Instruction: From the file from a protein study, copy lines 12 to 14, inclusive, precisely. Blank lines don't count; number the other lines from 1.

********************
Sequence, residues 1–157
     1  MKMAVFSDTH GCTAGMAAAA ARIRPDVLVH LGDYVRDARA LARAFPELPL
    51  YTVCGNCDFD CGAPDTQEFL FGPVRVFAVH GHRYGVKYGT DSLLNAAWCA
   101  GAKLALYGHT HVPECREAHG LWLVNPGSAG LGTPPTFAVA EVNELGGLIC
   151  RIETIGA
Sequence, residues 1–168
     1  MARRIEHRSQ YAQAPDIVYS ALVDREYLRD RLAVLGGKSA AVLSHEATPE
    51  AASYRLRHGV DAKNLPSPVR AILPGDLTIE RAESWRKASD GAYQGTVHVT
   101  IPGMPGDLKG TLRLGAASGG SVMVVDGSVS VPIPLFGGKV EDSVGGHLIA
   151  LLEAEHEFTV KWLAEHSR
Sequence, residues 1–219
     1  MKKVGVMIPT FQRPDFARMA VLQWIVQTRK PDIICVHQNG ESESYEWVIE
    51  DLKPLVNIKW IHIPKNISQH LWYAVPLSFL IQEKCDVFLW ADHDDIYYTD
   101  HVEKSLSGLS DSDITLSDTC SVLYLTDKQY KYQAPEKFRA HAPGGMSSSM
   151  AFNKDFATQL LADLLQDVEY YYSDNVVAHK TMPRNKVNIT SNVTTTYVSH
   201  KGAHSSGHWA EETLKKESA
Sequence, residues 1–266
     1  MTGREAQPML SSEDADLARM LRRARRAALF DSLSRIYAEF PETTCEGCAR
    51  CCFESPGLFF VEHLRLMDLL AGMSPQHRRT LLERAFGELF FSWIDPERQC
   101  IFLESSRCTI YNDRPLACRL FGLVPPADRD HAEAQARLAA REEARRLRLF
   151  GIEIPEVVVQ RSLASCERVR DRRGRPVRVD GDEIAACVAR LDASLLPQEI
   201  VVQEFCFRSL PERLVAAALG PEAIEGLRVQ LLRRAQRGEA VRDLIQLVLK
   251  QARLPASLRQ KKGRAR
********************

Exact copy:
     1  MKKVGVMIPT FQRPDFARMA VLQWIVQTRK PDIICVHQNG ESESYEWVIE
    51  DLKPLVNIKW IHIPKNISQH LWYAVPLSFL IQEKCDVFLW ADHDDIYYTD
   101  HVEKSLSGLS DSDITLSDTC SVLYLTDKQY KYQAPEKFRA HAPGGMSSSM